Last Week's Worst Performing Dow Stocks

An in-depth look at what caused a few stocks to fall.

Mar 15, 2014 at 5:00PM
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This past week, the Dow Jones Industrial Average (DJINDICES:^DJI) lost ground every single day and ended up losing 384 points, or 2.33%. The S&P 500 fell 35 points, or 1.88%, while the Nasdaq lost 85 points, or 1.96%. Weaker-than-expected economic reports dampened the market's enthusiasm, as did continued tensions in Russia and Ukraine. For more about the economic reports that moved the indexes, click here.

Before we get to the Dow's biggest losers of the week, let's look at its biggest winner. McDonald's (NYSE:MCD), up 2.17%, was one of just two Dow stocks that finished in the black -- the other being Procter & Gamble, up 0.76%. Most of the rise at McDonald's came after Tuesday's announcement that management is looking at ways to return more cash to shareholders, including possibly selling locations to franchises, better optimizing its cash structure, and even taking on debt to fund share buybacks. McDonald's is $100 billion company and over the past three years has returned more than $16.5 billion to investors. That's not bad, but investors certainly let management know this week that more would be better. On the other hand, with the company struggling to grow sales, this may be the only option management has at its disposal to push shares higher, and that doesn't equate to a great investment strategy.  

Last week's big losers
Shares of United Technologies (NYSE:UTX) fell 4.82% this past week, making the stock the second worst Dow performer. United Tech's big decline came mostly following Thursday's first-quarter profit forecast that came in below analysts' targets. Management expects sales of $14.5 billion and earnings per share of $1.25, versus the Street's outlook of $14.9 billion and $1.38. United Technologies said a few one-time charges would hurt earnings and that, excluding those charges, Q1 EPS would rise 5%. But that didn't matter, because regardless of what could be, investors don't like hearing about declining numbers.  

Finally, the top two Dow stocks from two weeks ago -- Goldman Sachs (NYSE:GS) and JPMorgan Chase (NYSE:JPM) -- ended up claiming two of the Dow's three worst spots this time around. Goldman Sachs fell 5.11%, while JPMorgan lost 4.37%. Two things were probably weighing on investors' minds: softening weekly mortgage numbers, and Deutsche Bank's announcement that the start of its year has been slow. The mortgage figures pointed to a softening industry that's typically very profitable for banks, and it comes at a bad time, considering Deutsche Bank's statement follows previous indications from JPMorgan and Citigroup indicating that 2014 hasn't been a good year for the bankers. I wouldn't say we're back in 2007-2008 all over again, but I would expect upcoming earnings reports to be disappointing.   

The other Dow losers this week:

  • 3M, down 3.19%
  • American Express, down 3.93%
  • AT&T, down 0.15%
  • Boeing, down 4.22%
  • Caterpillar, down 1.71%
  • Chevron, down 0.85%
  • Cisco, down 1.74%
  • DuPont, down 2.18%
  • ExxonMobil, down 1.6%
  • General Electric, down 3.9%
  • Home Depot, down 3.84%
  • Intel, down 0.56%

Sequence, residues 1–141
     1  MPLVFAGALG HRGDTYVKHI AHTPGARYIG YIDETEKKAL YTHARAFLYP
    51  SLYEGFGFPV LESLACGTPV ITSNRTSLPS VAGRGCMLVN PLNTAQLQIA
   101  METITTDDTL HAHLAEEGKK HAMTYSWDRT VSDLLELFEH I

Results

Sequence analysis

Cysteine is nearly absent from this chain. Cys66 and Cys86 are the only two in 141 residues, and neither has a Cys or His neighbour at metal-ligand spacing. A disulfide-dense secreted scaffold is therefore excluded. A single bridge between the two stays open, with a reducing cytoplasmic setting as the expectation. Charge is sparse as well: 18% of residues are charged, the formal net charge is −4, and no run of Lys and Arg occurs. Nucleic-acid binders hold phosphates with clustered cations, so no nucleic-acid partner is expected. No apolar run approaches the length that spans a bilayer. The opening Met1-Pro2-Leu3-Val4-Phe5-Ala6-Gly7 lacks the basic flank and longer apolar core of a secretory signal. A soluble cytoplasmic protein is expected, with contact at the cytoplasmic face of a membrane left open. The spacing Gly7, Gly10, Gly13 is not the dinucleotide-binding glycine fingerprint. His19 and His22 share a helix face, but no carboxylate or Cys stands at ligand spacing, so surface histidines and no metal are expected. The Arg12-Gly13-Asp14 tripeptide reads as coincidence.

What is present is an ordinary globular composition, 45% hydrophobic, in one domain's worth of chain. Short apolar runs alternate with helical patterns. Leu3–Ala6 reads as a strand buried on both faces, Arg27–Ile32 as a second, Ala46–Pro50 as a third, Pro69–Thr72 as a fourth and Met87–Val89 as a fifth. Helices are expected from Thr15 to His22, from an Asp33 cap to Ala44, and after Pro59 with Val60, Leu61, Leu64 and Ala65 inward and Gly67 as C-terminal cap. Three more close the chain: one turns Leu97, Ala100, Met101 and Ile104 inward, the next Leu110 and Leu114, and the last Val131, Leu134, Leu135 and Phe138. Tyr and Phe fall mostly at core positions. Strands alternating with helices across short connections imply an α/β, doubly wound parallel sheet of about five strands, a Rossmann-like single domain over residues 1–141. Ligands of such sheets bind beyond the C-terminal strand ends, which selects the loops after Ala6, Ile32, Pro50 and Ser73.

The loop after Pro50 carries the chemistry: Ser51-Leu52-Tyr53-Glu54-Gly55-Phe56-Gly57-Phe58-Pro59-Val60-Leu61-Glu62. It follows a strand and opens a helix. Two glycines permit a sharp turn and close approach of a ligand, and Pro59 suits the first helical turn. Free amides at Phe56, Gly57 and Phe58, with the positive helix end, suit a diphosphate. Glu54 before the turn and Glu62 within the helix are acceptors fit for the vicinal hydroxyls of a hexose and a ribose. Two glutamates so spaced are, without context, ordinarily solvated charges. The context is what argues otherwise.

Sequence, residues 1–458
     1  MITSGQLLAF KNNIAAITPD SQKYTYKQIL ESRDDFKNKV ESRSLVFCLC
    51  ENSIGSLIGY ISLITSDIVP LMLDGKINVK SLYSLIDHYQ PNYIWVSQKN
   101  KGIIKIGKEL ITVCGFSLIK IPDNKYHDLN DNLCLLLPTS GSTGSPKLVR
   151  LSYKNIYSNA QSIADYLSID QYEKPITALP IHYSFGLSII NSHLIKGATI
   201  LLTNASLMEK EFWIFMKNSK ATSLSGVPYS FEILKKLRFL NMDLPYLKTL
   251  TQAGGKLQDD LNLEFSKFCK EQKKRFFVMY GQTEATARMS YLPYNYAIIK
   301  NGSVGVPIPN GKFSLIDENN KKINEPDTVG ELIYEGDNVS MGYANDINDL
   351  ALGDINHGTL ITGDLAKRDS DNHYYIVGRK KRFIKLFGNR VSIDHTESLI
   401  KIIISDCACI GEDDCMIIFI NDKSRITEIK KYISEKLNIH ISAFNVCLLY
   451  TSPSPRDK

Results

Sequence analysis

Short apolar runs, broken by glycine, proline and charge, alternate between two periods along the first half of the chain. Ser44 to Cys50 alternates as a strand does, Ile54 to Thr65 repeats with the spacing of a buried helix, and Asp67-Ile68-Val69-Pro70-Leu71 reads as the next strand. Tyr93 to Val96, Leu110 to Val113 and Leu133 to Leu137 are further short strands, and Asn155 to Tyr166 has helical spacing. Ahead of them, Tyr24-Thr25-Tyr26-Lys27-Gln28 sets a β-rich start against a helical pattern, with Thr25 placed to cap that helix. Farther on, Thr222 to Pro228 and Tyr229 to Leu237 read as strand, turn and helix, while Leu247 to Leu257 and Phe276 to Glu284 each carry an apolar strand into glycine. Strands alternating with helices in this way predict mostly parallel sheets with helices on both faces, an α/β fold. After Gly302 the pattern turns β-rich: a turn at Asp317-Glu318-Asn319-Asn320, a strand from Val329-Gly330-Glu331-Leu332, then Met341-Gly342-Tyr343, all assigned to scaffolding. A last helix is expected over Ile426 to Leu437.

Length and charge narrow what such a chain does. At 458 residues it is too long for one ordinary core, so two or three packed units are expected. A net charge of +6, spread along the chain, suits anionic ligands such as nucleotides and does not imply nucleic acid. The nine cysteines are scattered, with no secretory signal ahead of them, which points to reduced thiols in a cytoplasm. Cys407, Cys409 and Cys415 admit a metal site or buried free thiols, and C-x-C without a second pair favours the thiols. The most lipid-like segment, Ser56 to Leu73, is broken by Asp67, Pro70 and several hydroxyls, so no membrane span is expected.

• IBM, down 2.91%
  • Johnson & Johnson, down 0.54%
  • Merck, down 3.08%
  • Microsoft, down 0.52%
  • Nike, down 1.43%
  • Pfizer, down 3.7%
  • Coca-Cola, down 0.98%
  • Travelers, down 1.51%
  • UnitedHealth Group, down 2.19%
  • Verizon, down 2.26%
  • Visa, down 2.12%
  • Wal-Mart, down 0.4%
  • Walt Disney, down 2.6%

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Matt Thalman owns shares of, Coca-Cola, Home Depot, Intel, Johnson & Johnson, JPMorgan Chase, Microsoft, Procter & Gamble, and Walt Disney. The Motley Fool recommends 3M,, American Express, Chevron, Cisco Systems, Coca-Cola, Goldman Sachs, Home Depot, Intel, Johnson & Johnson, McDonald's, Netflix, Nike, Procter & Gamble, UnitedHealth Group, Visa, and Walt Disney; owns shares of, Citigroup, Coca-Cola, General Electric, Intel, IBM, Johnson & Johnson, JPMorgan Chase, McDonald's, Microsoft, Netflix, Nike, Visa, and Walt Disney; and has options on Coca-Cola. Try any of our Foolish newsletter services free for 30 days. We Fools don't all hold the same opinions, but we all believe that considering a diverse range of insights makes us better investors. The Motley Fool has a disclosure policy.

A Financial Plan on an Index Card

Keeping it simple.

Aug 7, 2015 at 11:26AM

Two years ago, University of Chicago professor Harold Pollack wrote his entire financial plan on an index card.

It blew up. People loved the idea. Financial advice is often intentionally complicated. Obscurity lets advisors charge higher fees. But the most important parts are painfully simple. Here's how Pollack put it:

The card came out of chat I had regarding what I view as the financial industry's basic dilemma: The best investment advice fits on an index card. A commenter asked for the actual index card. Although I was originally speaking in metaphor, I grabbed a pen and one of my daughter's note cards, scribbled this out in maybe three minutes, snapped a picture with my iPhone, and the rest was history.

More advisors and investors caught onto the idea and started writing their own financial plans on a single index card.

I love the exercise, because it makes you think about what's important and forces you to be succinct.

So, here's my index-card financial plan:


Everything else is details. 

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